Given the current political dispensation, it is hard to know if singing that labor refrain will work. All of us can agree that what once worked will not necessarily work now.
As the demands of the times place new questions on our approach to business and how state government should be run, so must labor. How this is done is anyone’s guess.
It becomes that much more complicated when some Democrats are holding Nicodemus-type meetings in the dark with Snyder.
So in essence, the gubernatorial election in November is perhaps the lasting test of the political fortitude of the labor movement.
How much clout do they carry with their union dues that make huge campaign donations possible?
Even during the presidential campaign, President Obama unashamedly declared himself a labor candidate in Detroit, and he glowingly touted the protracted struggle of unions for social justice and equal treatment in the workplace.
The question now remains if labor can galvanize enough support from voters to turn the tide against Snyder. It would seem like an easy thing to do given how the Dillon campaign was decimated by labor forces.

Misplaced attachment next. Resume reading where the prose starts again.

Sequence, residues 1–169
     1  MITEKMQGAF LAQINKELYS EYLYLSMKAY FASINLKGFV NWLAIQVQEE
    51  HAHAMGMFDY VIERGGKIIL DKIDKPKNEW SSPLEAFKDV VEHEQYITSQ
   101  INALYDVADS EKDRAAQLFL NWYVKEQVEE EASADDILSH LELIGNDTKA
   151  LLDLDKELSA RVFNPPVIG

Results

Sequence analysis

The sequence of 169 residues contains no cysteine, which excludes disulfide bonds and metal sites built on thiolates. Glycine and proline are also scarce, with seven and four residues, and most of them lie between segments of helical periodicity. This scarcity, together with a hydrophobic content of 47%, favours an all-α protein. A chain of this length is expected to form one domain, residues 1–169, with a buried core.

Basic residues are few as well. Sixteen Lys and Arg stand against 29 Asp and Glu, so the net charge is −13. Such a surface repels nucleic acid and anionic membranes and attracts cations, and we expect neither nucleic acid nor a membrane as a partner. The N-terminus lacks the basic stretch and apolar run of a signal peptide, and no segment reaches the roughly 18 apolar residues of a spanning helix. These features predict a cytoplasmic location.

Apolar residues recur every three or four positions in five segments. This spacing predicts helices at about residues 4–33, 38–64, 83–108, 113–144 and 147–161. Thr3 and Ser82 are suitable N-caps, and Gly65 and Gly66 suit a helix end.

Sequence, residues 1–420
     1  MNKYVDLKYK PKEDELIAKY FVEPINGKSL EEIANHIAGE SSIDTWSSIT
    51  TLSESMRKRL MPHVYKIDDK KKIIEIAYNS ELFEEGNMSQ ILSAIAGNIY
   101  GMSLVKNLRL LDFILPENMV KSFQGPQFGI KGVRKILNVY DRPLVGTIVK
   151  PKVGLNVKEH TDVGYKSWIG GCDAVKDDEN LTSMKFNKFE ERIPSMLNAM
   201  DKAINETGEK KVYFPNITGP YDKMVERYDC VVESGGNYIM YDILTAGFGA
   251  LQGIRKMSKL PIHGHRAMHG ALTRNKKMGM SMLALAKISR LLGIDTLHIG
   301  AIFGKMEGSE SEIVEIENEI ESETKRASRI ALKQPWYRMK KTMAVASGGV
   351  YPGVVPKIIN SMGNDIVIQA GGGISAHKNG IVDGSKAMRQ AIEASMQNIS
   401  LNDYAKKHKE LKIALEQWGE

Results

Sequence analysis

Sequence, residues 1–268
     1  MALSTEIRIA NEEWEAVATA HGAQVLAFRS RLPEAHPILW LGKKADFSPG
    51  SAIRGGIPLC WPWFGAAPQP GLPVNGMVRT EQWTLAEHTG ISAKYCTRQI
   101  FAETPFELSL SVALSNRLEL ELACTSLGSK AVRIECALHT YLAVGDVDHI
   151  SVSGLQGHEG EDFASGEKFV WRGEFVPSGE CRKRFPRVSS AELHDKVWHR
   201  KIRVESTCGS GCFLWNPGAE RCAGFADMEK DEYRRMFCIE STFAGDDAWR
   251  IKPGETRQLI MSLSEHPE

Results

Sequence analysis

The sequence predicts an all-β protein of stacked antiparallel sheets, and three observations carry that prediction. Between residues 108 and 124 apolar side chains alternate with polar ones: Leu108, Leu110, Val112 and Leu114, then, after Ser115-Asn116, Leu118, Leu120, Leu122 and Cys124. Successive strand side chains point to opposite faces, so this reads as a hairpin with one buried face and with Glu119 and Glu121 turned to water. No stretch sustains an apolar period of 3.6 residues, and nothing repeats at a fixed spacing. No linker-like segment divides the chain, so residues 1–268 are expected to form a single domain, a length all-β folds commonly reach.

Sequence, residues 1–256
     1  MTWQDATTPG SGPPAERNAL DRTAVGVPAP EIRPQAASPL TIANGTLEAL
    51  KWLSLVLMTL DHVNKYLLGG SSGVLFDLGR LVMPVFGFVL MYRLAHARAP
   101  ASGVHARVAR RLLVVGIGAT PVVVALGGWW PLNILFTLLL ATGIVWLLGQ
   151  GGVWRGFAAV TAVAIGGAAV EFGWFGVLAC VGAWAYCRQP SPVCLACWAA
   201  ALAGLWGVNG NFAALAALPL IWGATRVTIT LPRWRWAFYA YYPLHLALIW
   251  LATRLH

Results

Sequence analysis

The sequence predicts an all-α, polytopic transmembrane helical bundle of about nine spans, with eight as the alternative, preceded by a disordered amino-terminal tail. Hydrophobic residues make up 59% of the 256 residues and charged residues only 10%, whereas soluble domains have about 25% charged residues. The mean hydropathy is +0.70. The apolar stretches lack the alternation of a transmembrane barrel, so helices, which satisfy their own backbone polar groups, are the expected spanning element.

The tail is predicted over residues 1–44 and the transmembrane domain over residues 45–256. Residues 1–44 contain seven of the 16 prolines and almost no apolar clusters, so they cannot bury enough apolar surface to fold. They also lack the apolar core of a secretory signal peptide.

More so that Snyder’s running with Brian Calley, a strong abortion oppoent and a supporter of making Michigan a right-to-work state, something that labor sees as a political nightmare because it removes protection from workers.
Even though Snyder has been very coy about taking positions on the explosive cultural and social issues, he will have to confront those issues at some point.
It may not be the politically expedient thing to do right now, but the next governor should be straightforward with voters on the issues that tend to divide communities.
Can labor win this election? Based on the history of grassroots labor organizing, there is a strong chance that they can. But the bigger issue is whether labor is supporting the right candidate.
Is Bernero, despite his strong labor credentials, the right candidate for the Democrats at this point?
I have always been skeptical of polls because they serve as a disservice to voters by in some cases preempting their choices in the election.
Polls can have an opium-like effect no matter how because they can can deceive voters into thinking that a particular candidate is the best choice, so therefore everyone should get on the bandwagaon.
As always, the best poll is on Election Day. Detroit has been the epicenter of the labor movement. If labor cannot get more than a hundred thousand Detroit voters to the polls in November, it will be a harbinger of things to come in the future.
Let’s see if the men and women who comprise the labor movement can make changes in this campaign season.
Let’s see how these members who see themselves as defenders of human rights in the workplace can inject fire into the gubernatorial campaign.
Will reverence for the picket line translate into high spirits and actual votes in November?